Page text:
The Sad Story of Frank Bell

The 1910 census for Dunbar is the only one that has Adriano (Andrew) and Custode (Christine) living together in Dunbar, PA. The other census from their time together in America was in 1900 in Blairsville, PA. They moved to Dunbar at least by December 1901 because Gene was born there in December 1901 based on St. Aloyius parish records on file at the Dunbar Historical Society.

We know from Lena’s birth certificate in November 1906 that Andy’s job was listed as a merchant. And from Custode’s testimony in 1912, she said they had been in business for 8 years, so I assume they started the store in 1904, which was before they bought any properties in Dunbar.

Okay – so what’s that got to do with Frank Bell? In the 1910 census, Andrew and Christina George are in Enumeration District 18, which includes the whole town of Dunbar. The houses were not numbered with addresses but rather by house number in the order in which the census taker visited each house. They were house #208 and appear on page 20 out of 40 from the online Census Report on Ancestry.com. You wouldn’t know from this census report that they ran a grocery store because Andrew’s job is listed as a laborer at the furnace.

At the top of page 20, in order of the census taker’s visit, house number 201 is Dr. William Warner (who delivered Lena and signed her birth certificate) and house number 204 is Dr. David McKinney and house number 207 (either across the street or next door to Andrew and Christine) is Harry McGibbons, who runs a drugstore. Perhaps what planted the seed in Custode’s mind that her boys should be pharmacists.

But what’s that got to do with Frank Bell?  Okay – I’ll get to the point. On page 14 of 40, at the 140th house visited by the Census taker, Frank Bell and his wife Santina, live with their 16 year old daughter Angeline. Frank is a naturalized citizen who immigrated in 1882 and he is listed as a merchant in a fruit store.

I wanted to develop a back story for some of the people that Custode and Andy may have interacted with in 1910 so I picked Frank Bell. When I searched the Connellsville Courier for articles about Frank Bell, I found this one from July 25, 1914, which is printed below in three sections. It is such a sad ending to what seems to have been another example of a successful Italian immigrant making a new life in America.

frankbell-dies-july1914

PART 1

frankbell-dies-july1914-part2

PART 2

P

frankbell-dies-july1914-end

PART 3

 

 

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5 thoughts on “The Sad Story of Frank Bell

  1. Sorry my darn. finger sometimes hits the wrong letter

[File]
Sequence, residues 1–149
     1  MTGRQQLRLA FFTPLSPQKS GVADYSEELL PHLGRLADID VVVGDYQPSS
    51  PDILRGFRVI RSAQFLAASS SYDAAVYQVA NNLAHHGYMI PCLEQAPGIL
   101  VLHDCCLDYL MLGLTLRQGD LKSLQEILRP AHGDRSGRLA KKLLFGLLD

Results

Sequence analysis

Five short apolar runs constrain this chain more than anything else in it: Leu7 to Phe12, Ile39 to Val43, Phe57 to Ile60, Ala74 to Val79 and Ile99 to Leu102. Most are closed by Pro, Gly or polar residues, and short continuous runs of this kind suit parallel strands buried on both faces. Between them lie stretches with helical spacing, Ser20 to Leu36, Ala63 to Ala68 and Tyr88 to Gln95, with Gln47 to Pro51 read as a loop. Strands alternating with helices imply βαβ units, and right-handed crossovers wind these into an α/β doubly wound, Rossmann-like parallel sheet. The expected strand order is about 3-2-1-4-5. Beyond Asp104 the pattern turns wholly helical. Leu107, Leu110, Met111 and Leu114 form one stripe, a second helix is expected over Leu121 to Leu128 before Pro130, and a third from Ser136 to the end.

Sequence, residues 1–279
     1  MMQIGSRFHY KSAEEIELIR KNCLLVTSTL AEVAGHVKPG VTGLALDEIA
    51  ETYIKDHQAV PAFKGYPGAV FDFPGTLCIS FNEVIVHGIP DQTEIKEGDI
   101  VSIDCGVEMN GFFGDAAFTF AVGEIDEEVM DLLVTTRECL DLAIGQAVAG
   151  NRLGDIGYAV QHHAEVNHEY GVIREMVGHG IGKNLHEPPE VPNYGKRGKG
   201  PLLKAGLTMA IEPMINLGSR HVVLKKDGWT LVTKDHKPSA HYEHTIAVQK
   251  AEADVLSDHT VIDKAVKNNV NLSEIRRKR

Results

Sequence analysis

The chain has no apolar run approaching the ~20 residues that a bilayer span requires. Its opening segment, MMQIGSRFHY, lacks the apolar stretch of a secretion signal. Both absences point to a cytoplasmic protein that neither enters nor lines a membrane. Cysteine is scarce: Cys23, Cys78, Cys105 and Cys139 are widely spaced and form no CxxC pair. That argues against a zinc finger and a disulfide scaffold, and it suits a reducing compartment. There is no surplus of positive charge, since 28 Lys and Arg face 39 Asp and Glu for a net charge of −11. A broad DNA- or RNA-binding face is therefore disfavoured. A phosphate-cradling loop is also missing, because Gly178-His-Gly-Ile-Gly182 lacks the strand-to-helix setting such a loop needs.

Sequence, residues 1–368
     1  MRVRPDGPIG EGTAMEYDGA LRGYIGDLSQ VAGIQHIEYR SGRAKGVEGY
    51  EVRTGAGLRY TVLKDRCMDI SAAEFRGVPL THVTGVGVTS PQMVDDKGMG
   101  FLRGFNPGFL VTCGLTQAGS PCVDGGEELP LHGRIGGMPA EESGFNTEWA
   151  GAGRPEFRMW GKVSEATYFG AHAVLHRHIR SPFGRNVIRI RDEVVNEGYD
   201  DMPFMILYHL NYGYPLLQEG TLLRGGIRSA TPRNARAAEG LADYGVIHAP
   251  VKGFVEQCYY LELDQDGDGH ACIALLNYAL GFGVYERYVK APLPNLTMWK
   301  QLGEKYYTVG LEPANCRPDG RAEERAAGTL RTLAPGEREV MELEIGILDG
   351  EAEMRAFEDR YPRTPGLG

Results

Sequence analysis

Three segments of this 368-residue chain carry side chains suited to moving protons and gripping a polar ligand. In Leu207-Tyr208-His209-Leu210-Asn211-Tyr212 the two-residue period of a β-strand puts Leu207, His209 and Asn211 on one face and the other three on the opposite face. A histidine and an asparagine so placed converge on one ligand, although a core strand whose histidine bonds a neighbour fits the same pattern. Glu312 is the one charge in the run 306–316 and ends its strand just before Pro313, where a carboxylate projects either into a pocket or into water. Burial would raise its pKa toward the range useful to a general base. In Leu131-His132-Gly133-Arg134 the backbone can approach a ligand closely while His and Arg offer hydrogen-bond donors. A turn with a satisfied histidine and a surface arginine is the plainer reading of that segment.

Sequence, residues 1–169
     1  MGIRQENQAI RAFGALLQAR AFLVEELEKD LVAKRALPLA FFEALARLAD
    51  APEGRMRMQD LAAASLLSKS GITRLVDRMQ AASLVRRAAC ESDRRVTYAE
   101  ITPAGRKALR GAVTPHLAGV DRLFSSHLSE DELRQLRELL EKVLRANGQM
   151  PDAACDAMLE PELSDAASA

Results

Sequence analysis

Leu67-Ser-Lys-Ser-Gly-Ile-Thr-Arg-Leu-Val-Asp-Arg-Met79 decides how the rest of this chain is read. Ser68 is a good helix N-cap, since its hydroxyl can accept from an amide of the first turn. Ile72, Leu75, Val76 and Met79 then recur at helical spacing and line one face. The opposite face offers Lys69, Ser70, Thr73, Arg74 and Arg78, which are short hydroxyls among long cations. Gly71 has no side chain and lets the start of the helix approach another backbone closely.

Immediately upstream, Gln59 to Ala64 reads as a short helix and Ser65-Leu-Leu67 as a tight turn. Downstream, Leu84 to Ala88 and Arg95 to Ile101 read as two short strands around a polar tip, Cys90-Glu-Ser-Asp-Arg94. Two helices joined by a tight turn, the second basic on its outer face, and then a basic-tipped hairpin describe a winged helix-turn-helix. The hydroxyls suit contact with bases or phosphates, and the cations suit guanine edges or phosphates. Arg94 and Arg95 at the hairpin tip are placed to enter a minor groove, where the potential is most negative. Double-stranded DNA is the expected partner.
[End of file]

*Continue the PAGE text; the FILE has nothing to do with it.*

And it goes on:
. So I lost what I had for your eyes.. What I said is. next step to Uncle Tony and Aunt Phil. was a very nice family. They had a large family but very close to the Galands. . This might lead you some were.. That is all I have about the neighbors. Love your information. I usually read two or three times. THANKS

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  2. Dominic – What was the name of the family that was close to Uncle Tony and Aunt Phil. Did they live next door to them? I know there was an Irish woman that lived next door to Grandma George at 126 Connellsville Street. Her name was Catherine Kerwin but she was about 20 years older than Grandma George. Her son William was also a pharmacist.Thanks

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  3. Very sad story but the fascinating part of it for me is his name change. The article says “he came to this country a number of years ago. He opened a business and in 1882 went into business on Main St. It was then that he was given the name Frank Bell.” The name Giuseppi Cuperaggi was not acceptable once he wanted to become a businessman? That gives you a little insight into what it was like to try to succeed for Italians in their adopted country. To have to give up something so personal as your name is just so sad to me.

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  4. I have nothing to add to your story but did want to sympathize with your research difficulties. I too have an Italian heritage. Unfortunately, my Italian family didn’t leave and personal records, just things like census and city directories. I would so love to know them better. I like your style of writing and look forward to following your story. Thanks for posting.

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    • Thanks Priscilla
      My husband grew up without knowing he was 1/4 Italian. His father was estranged from the family that we’ve only discovered in the past 3 years after my husband had his DNA tested. His father passed away 16 years ago.
      Family members have generously shared the few photos they had and my research has filled in information they never knew because there parents never talked about there childhood.
      Finding the lawsuit was a huge boost to the research even though I’m not sure what to believe.
      So I haven’t really shared my family history story writing on the #FHWC Facebook page yet but maybe I will.
      Good luck with your search too. I got very lucky that my husband’s ancestors lived in two towns that have extensive newspaper records on line.

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